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Danbury Mayor Mark Boughton and Neil Duffy president of PriceRite
<p> Danbury Mayor Mark Boughton and Neil Duffy, president of PriceRite</p>

PriceRite Fills Void in Conn. Town

DANBURY, Conn. — The PriceRite division of Wakefern Food Corp., Keasbey, N.J., opened its 52nd store here today, filling a void left upon the closing of an A&P Super Foodmart at this location more than a year ago.

PriceRite spent $5.5 million to refurbish the 45,000-square-foot facility, said Danbury Mayor Mark Boughton at a ribbon-cutting ceremony. The company presented a check for $5,000 to Connecticut Food Bank during the ceremony.

The store is flanked by two senior housing complexes, whose residents were excited by the new store. “My daughter said, ‘I’m so relieved I don’t have to go shopping for mommy now,'” said Anna Enke, 94, a resident of one of the complexes.

"PriceRite has a history of opening stores in underserved communities,” Neil Duffy, president of the PriceRite division, told SN at the grand opening. “We’ve been serving food deserts before they were called food deserts.”

Duffy said he expected the PriceRite store to succeed here in part because “we cater to the community; none of our stores are exactly alike.” The new store fulfills that promise with ample Goya and other Hispanic brands, as well as produce like yucca, that appeal to the large local Brazilian population.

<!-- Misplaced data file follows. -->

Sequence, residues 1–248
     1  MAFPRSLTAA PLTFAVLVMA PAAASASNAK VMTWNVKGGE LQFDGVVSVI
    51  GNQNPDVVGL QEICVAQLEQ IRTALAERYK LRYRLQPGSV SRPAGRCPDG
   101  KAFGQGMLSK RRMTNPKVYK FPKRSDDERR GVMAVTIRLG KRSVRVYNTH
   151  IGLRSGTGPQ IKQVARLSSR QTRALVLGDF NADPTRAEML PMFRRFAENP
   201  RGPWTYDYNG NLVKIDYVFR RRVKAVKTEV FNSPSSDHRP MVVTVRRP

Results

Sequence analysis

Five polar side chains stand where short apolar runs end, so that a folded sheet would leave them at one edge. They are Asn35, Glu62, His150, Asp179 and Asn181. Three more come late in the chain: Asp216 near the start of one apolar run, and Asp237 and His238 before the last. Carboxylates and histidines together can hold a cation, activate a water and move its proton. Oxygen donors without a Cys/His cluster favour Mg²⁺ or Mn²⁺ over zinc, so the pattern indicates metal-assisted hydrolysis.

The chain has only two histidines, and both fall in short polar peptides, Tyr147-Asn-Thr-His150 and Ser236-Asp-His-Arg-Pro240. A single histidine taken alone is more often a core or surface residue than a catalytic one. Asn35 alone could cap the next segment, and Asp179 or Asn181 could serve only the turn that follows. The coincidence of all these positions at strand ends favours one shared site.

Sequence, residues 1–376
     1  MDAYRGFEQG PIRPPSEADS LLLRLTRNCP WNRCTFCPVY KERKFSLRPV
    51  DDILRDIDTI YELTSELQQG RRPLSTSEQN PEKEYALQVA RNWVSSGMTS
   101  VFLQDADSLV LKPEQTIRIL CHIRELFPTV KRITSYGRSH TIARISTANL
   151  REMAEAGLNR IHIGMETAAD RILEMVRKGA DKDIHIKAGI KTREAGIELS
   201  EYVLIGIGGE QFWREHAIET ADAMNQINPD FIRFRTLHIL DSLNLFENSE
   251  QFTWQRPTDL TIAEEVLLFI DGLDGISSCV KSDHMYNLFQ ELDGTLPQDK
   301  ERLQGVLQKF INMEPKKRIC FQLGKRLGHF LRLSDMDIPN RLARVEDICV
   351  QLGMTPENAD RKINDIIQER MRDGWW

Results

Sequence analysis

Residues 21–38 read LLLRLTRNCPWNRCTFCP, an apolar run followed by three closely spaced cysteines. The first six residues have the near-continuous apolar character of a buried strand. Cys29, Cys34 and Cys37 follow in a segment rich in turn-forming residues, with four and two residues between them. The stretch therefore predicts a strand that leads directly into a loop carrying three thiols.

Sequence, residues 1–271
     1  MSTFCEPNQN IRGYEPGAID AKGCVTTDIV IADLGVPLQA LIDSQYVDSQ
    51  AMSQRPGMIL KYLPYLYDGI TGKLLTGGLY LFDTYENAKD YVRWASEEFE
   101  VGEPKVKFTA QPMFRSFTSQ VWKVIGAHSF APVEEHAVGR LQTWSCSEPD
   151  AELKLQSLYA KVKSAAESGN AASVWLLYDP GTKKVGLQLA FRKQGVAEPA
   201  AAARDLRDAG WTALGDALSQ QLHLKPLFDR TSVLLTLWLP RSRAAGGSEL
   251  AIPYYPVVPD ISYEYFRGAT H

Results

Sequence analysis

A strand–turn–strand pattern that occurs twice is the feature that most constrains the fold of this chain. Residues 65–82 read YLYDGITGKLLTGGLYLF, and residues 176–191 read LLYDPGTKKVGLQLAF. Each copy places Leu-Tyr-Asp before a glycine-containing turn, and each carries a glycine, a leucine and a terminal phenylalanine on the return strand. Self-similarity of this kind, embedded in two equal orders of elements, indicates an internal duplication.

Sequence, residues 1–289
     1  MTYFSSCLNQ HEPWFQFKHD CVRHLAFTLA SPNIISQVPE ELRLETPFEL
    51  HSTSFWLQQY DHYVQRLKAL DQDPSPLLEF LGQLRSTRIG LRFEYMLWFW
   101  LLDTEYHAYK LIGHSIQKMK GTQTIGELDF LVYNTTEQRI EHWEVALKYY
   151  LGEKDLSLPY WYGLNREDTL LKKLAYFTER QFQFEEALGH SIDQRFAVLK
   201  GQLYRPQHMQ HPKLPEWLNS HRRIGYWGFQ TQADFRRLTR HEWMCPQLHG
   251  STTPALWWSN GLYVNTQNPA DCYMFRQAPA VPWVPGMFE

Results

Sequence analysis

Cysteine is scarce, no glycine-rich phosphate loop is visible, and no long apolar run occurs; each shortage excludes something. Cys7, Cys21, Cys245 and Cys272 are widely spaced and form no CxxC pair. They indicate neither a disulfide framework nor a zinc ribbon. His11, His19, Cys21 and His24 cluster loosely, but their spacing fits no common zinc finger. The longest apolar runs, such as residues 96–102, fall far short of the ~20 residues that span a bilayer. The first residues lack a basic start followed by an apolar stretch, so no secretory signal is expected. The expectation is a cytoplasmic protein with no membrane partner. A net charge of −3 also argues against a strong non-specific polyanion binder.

PriceRite also pledges to offer prices that are up to 50% below those of competitors. It accomplishes that through limited advertising, basic store décor, stocking in full pallets on the sales floor and offering just 4,500 SKUs (25% of it private-label), some of which change based on the deals PriceRite is able to procure, noted Duffy, adding, “We drive costs out of the business.” Customers are encouraged to use their own bags or to buy them as needed for 11 cents each.

PriceRite employs a self-service format that includes fresh produce delivered daily; packaged meats; baked goods; a variety of private label and national grocery brands; as well as dairy and frozen food products. It does not offer service departments.

The new store also features green technologies such as glass doors on dairy cases and energy-efficient LED lighting in meat cases and coolers throughout the store. Milk cases have “pass-through” doors that allow milk fixtures to be rolled in and out of the cases.

The Danbury PriceRite, which is a non-union store, will employ 135 people, 120 from the immediate community, and 22 full-time, said Duffy.

Wakefern has a full-service ShopRite store in neighboring Brookfield, about four miles from the Danbury store, but Duffy saw no overlap between the stores. Danbury, located at the western end of Connecitcut near the New York border, has a population of about 82,000.

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